Support to Human Security in Eastern Sudan

Fast Facts:
• Project Document
Location: Executed at the national level with staff based in Khartoum/Kassala and the Red Sea
Duration: June 2007 – June 2010
Focus area: Crisis Prevention and Recovery
Contributions(USD): UNDP: 1,965,022.00
Partners: North Sudan DDR Commission (NSDDRC)
Delivery(USD): 2009: 296,034
2008: 37,900
2007: 1,927,359
Contact person in UNDP: Musa Ibrahim, Programme Officer
Eastern Sudan, a vast sun-blasted land of some 300,000 square kilometers, is home to an estimated three to four million of Sudan’s poorest people. The region is made up of three states: Red Sea, Gadaref and Kassala. In each of these states the living conditions are so harsh that the local population has been facing acute poverty, persistent drought and famine, a lack of adequate access to healthcare and education, high levels of unemployment, in addition to land degradation and shrinking pasture areas, for a very long time.

It is such poverty, coupled with successive government policies, which has undermined the livelihoods of people in the state. This state of affairs led to a low-intensity conflict, which continued for eleven years and was ultimately settled with the signing of the Eastern Sudan Peace Agreement (ESPA) in October 2006 between the Government of Sudan and the Eastern Front.

The Agreement covers economic, political and security issues, including power sharing at federal and regional level and wealth sharing in the three eastern states. As part of the implementation of the peace agreement, combatants need to be disarmed, demobilized and receive basic reintegration support, while longer term reintegration mechanisms are rolled out. The security arrangements of the ESPA call for the establishment of an Integration Committee that would screen and approve the integration of Eastern Front ex-combatants into the security forces of the Government of National Unity (GoNU). The ex-combatants that chose not to apply for integration into the GoNU security forces, or that were deemed unfit for active duty, were offered participation in the Demobilization Disarmament and Reintegration (DDR) programme.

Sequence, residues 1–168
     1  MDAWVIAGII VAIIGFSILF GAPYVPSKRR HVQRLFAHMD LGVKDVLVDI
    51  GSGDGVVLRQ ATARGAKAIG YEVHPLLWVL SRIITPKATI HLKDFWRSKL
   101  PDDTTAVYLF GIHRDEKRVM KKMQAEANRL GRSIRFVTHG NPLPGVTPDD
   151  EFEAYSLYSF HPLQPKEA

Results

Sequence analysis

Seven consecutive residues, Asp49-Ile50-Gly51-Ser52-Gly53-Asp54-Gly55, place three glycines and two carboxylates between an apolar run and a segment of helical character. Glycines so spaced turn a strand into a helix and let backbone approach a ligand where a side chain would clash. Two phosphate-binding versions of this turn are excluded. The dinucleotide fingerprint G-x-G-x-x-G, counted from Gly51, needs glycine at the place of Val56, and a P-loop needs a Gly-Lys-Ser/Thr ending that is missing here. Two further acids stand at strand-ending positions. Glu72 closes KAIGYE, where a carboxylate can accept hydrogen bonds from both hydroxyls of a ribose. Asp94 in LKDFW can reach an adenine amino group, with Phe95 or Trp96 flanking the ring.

To address critical DDR requirements, in conjunction with the ESPA, through the Bureau of Crisis Prevention and Recovery (BCPR), in June 2007 UNDP launched the project “Support to Human Security in Eastern Sudan”.

The overall objective of the project is to contribute to the return of peace and security in Eastern Sudan.

The specific objectives of the project are:
• To provide timely and effective technical and operational support to the design, start-up and early implementation of the DDR process, expected to cover up to 5,000 beneficiaries.
• To build urgent capacities for DDR in Eastern Sudan.
• To register and screen ex-combatants and prepare for specialized support for Women Associated with Armed Forces and Groups (WAAFG) and other special needs groups.
• To provide camp based assistance for up to 5,000 demobilized ex-combatants, the disabled and WAAFG.
• To provide reinsertion packages for up to 4,500 demobilized ex-combatants.
• To conduct community mapping of socio-economic risks at the state and locality levels, in order to address vulnerabilities and enhance prospects for reintegration.

Snapshots of the project's major achievements
• Registered, screened and verified, issued ID cards, provided medical screening and support, HIV/AIDS counseling for a total of 1,700 ex-combatants from the Eastern Sudan Front.
• Reinsertion packages, consisting of non-food items, a WFP food package and US$400 transitional safety allowance, were distributed to all participants.
• A total of 750 small arms were collected during the exercise.
• The NSDDRC and IUNDDRU distributed WFP food packages to the demobilized ex-combatants in April 2008. The food packages consist of a 90 day ration for a family of five.
• One on one counseling for reintegration began on 1 August for the demobilized ex-combatants. IUNDDRU and NSDDRC staff counsel participants on their reintegration options and will be referring them to implementing partners once they decided on an option.
• As of the end of December 2008, approximately 1,700 participants were participating in reintegration opportunities provided by the IUNDDRU and NSDDRC.
• The remaining 1,200 DDR candidates are schedule to begin their demobilization activities in February 2009.
• Community security activities are beginning implementation to address triggers and root causes of local level conflicts in the three states.

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